Presumption of Innocence
On Monday, I had jury duty.
Jury duty is a pain the ass. It's a hassle, it takes all freakin' day, and if you're unlucky a lot longer.
Also, if you're really unlucky, it will give you a lifetime of nightmares.
I've never served on a jury. Every time I get called for jury duty, I spend all day in silence as judges and lawyers question potential jurors about their ability to rule on the case.
The cases are always horrific when I get summonsed. Last time, it was a death penalty murder trial. I wasn't anxious to go back on Monday and find out what new horrors were in store.
I sat in the courtroom as the judge announced what the charges were, and told us we'd all be sworn in to answer about being on the jury.
"The defendant is charged with sexual assault by a legal adult (my stomach lurched as I glanced at the defendant, who was probably pushing forty) of a minor child."
The floor fell out from under me.
I looked at him, and tried to feel nothing. After all, it might be my job to presume he was innocent until proven guilty. I couldn't let myself think he'd actually done it.
The judge went on to explain the crime, which was committed four years ago. The victim was now ten or eleven years old.
When this man allegedly raped her (which the judge clarified as penetration of the vagina by the penis), she was barely older than my daughters.
I shook that thought off, too. Because I had to be impartial, right?
Out of the sixty some potential jurors there, thirty were called up to answer questions. I was second to last.
Being second to last, I got to listen to all the potential jurors before me answer their questions.
Before entering the courtroom, we'd all had to fill out a form. Included on this form was the question, "Have you ever been the victim of a crime?"
I had checked yes.
When the judge asked each individual juror about their "yes" answers, most declined. Approximately a third of the women, and two of the men, requested to speak about the matter privately. My mouth dried out. There are only a handful of crimes that, if committed against you, fill you with the kind of shame and guilt that makes it impossible to speak publicly. Not at all like the answers, "I was carjacked," or "I was mugged," or "It was a home invasion and burglary."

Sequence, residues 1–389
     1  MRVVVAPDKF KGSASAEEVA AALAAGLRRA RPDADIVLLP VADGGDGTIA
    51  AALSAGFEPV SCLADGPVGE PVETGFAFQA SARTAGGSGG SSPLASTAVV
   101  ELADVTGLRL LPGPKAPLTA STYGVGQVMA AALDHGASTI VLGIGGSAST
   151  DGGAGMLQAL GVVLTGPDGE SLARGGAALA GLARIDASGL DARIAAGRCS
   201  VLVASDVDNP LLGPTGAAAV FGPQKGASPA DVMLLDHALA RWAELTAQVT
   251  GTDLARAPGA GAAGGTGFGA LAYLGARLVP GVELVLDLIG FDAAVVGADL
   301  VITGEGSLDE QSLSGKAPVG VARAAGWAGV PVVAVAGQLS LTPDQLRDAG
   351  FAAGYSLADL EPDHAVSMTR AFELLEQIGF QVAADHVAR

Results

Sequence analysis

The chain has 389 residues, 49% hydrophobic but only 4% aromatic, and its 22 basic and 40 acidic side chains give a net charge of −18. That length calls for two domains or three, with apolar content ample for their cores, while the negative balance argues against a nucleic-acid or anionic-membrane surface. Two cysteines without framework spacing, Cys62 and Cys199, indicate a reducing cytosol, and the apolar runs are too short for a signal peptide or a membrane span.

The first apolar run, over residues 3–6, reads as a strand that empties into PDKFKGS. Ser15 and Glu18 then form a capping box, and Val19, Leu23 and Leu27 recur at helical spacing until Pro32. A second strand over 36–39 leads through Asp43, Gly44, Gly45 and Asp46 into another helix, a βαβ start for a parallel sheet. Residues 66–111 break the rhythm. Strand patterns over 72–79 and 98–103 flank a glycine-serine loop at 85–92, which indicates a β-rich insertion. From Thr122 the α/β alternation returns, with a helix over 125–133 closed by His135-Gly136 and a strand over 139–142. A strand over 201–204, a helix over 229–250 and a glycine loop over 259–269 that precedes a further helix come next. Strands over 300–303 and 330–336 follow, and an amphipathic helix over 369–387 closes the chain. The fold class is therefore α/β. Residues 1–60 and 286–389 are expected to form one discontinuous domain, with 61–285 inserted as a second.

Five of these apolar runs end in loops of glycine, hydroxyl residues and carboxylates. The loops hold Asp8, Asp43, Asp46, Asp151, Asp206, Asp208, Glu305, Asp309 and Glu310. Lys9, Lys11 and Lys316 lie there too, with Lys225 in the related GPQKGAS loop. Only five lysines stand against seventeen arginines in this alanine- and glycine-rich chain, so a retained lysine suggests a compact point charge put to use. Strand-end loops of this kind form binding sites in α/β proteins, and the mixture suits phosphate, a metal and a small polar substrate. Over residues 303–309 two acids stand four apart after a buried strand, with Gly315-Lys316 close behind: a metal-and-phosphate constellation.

No, when you've been the victim of a crime, and you don't want anybody to know about it, that means that being a victim of that particular crime is shameful.
As person after person requested to answer the question privately, I got angrier, and more determined.
Finally, it was my turn. I smiled at the judge, wiping my sweaty palms on my knees and trying to keep my heart from pounding out of my chest.
"Mrs. Grover, it says here you've been the victim of a crime?"
"What was that crime?"
I looked her in the eyes and kept smiling, trying to keep my voice even. "I was sexually assaulted, and stalked."
The defendants lawyers started scribbling rapidly on their notebooks.
"Did you ever go to court?"
"Were charges ever filed?"
"Did you report the incident to the police?"
"And why weren't charges filed?"
"Lack of evidence, I guess."
"What do you mean?"
"I waited too long to report the assault."
"I see. Mrs. Grover, will you be able to follow the law, and treat both sides fairly in this case?"
I looked at the defendant's lawyer. I didn't look at him. I couldn't.
"I believe so."
Behind me, I heard people shuffling in their seats. Another four hands raised. "I actually have something I'd like to speak to you about in private as well, your honor."
A few moments later, it was the lawyers' turn to ask questions. The defense attorney called my name.
"Ms. Grover, did you interact with the police?"
"Did they leave you with a positive of negative impression?"
I took a moment before answering. "They didn't believe me."
The judge and lawyers left the chambers, calling people in one at a time to discuss their private matters. During that time the rest of us fidgeted, talked a little amongst ourselves. A few of the other jurors came up to me to talk, but didn't make eye contact, didn't say anything that was obviously on their minds.
After the last juror returned, we continued to wait. For over an hour, the judge and lawyers discussed which of us they wanted on the trial, which they didn't.
When the judge returned, one by one she dismissed jurors who had spoken with her privately. Then the man who had announced he worked with the Chicago Children's Advocacy Center, working with victims of childhood sexual abuse. Then, at last, me.
And the remainder of the jurors were told to come back in the morning for the trial.
Part of me was relieved. As I exited the courtroom, I finally allowed myself to believe he was guilty. An instant, overwhelming surety, now that I didn't have the obligation to give him the benefit of the doubt.
At the same time I felt a wave of guilt, that I could damn him so easily before his trial.
And then a wave of fury.
Fury, because statistically, one third of every woman in a randomly selected group will have been victims of sexual abuse. And that's what I had just seen in person, in that courtroom. And fury that when a problem is that embedded into our culture, that deeply rooted into what it means to be female, that dangerously ubiquitous, there is no such thing as a fair trial.
Not for the accused, and not for the victim.
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By Lisa Owen